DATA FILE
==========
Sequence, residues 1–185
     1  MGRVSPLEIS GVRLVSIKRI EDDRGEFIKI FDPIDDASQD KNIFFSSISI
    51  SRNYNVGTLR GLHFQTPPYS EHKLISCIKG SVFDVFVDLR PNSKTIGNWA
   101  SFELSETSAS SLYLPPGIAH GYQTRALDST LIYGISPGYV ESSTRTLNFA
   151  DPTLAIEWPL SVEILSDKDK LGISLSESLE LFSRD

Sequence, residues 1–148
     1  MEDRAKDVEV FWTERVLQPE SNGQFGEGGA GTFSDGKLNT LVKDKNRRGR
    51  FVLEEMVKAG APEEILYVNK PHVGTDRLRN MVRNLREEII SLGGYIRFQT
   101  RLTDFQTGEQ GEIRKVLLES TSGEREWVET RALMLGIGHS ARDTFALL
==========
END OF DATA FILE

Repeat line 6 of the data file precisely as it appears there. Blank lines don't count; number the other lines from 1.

Sequence, residues 1–148